Now in saying that, I am not trying to diminish or deny the power of racism, which is obviously very strong. Quite to the contrary, I am simply saying it is a power we can eradicate if we try. As the famous “blue eyes” vs. “brown eyes” experiment showed, people can divide themselves into groups over the silliest things. And if one group is privileged over another, then really ugly things tend to develop. This is why I said, in my last post, the racism won’t go away by itself by just ignoring it: it will require a serious, long-term, focused effort to tear it down. Systemic racism was an intentional creation and only intentional effort can deconstruct it.

So, when Trump cries out that ‘Democrats and blacks are trying to destroy our heritage’ he doesn’t mean destroying our real history. He means that they are trying to deconstruct this notion of white heritage. The other parts of that heritage (the part that whites got and blacks didn’t) is the money, land, privilege, and power.

I can easily see a day when the same people who cry out to save the statues because they are part of our heritage cry out that government money shouldn’t be used to fund slavery museums. That would be because, in those museums, the statues would no longer serve the purpose of symbolizing “heritage” and simply become part of a sordid history.

Symbols are powerful things. That is why, when the Soviet system collapses in the late 1980s, Americans celebrated the fact that statues of Soviet heroes were pulled down. It is also why, when US troops entered Baghdad in 2003, one of the first things they did was pull down the statue of Saddam Hussein. They also stood by and watched as Iraq’s rich cultural museums were looted. In neither case did I ever hear much talk about preserving art or heritage.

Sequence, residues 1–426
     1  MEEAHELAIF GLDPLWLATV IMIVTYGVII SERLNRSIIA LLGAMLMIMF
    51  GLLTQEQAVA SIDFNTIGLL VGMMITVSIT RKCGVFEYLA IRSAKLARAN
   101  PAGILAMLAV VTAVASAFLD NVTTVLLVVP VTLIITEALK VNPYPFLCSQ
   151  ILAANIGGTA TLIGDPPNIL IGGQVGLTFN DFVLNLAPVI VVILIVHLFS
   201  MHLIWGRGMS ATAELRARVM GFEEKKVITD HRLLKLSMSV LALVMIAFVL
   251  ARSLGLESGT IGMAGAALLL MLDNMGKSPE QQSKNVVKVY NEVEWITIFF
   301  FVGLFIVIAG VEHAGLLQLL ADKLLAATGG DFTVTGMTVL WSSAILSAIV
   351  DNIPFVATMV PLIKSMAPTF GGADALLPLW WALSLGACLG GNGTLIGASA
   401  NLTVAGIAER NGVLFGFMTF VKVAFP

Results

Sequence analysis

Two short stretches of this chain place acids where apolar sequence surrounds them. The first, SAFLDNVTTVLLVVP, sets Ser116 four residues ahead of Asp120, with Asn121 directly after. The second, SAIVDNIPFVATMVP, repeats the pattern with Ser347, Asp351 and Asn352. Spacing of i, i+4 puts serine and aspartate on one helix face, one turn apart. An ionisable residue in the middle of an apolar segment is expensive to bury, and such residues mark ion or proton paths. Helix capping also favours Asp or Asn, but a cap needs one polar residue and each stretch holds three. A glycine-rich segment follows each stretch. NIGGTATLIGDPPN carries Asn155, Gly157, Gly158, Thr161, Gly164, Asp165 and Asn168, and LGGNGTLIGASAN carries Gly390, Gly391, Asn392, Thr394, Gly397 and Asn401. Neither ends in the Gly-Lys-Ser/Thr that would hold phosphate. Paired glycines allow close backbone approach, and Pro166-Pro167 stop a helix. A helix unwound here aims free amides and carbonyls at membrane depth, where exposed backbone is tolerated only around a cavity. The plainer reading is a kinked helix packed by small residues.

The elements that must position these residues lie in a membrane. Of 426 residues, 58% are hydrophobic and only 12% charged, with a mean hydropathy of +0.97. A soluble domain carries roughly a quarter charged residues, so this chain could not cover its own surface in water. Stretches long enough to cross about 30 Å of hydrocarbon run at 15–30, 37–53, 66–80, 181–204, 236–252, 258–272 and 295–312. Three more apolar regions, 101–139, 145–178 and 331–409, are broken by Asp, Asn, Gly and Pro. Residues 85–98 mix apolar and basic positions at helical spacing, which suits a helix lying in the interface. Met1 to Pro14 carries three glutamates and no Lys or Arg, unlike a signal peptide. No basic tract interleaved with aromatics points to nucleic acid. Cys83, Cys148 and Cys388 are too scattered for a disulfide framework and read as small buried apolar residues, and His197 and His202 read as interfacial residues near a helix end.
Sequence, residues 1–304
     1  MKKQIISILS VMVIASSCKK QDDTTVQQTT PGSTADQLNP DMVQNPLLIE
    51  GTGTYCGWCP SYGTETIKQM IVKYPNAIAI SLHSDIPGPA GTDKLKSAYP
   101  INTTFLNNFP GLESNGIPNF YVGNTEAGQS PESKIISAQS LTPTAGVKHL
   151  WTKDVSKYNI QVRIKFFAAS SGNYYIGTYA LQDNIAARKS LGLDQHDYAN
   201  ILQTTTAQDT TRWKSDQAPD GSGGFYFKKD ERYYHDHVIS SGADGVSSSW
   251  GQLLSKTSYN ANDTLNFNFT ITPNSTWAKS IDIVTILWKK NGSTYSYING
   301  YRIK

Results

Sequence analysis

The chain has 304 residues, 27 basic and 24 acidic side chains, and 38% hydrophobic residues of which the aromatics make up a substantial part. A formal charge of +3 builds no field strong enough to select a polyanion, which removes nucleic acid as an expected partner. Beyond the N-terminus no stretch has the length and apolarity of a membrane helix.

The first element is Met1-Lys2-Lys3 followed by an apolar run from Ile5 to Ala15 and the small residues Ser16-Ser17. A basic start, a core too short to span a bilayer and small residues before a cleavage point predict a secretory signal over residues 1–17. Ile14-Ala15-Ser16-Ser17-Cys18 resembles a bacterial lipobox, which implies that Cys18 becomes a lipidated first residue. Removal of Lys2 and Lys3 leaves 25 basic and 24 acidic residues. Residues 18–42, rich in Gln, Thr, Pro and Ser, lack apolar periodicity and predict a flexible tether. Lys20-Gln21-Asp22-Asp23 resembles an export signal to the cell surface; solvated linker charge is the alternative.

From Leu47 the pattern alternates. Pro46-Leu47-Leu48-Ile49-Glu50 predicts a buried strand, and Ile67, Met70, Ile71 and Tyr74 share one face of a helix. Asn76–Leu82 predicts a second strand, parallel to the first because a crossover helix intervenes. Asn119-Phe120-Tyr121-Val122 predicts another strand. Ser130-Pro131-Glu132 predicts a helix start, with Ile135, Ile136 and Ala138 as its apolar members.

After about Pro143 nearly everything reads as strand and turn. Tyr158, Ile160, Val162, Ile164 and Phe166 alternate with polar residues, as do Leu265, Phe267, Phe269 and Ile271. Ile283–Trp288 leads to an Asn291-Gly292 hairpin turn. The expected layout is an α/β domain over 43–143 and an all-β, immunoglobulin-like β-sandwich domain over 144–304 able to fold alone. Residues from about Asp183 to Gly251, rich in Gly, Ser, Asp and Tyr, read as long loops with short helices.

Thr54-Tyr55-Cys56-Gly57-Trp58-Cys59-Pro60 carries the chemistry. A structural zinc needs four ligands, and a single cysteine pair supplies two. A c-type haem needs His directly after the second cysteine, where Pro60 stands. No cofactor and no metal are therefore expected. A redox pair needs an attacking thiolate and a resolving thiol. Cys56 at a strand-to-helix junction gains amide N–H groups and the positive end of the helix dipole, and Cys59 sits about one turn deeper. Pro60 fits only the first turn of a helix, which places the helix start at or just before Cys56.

Slavery in the US was certainly as ugly as Soviet rule or the regime of Saddam Hussein. It also lasted much longer. As a symbol of that ugly and unfair heritage, and a visible sign of the effort to actually reassert white supremacy, the Confederate monuments need to come down. They should be remembered for what they are—monuments to a set of traitors who launched a brutal civil war, and a wink and a nod to an abhorrent institution that continues to haunt our nation.

Recently, a brilliant young black academic named Caroline Randall Williams wrote a blistering op-ed in the New York Times. She wrote, “I have rape-colored skin. My light-brown-blackness is a living testament to the rules, the practices, the causes of the Old South…You want a Confederate monument? My body is a confederate monument. The black people I come from were owned and raped by the white people I come from. Who dares tell me to celebrate them?”

Later on, she points out that the white masters never took responsibility for the resulting children—they just added them to their inventory of slaves…This is a truly heart wrenching history to think about. That is her inheritance. It is also something we all need to think about if we are going to really change the problem of racism in our country.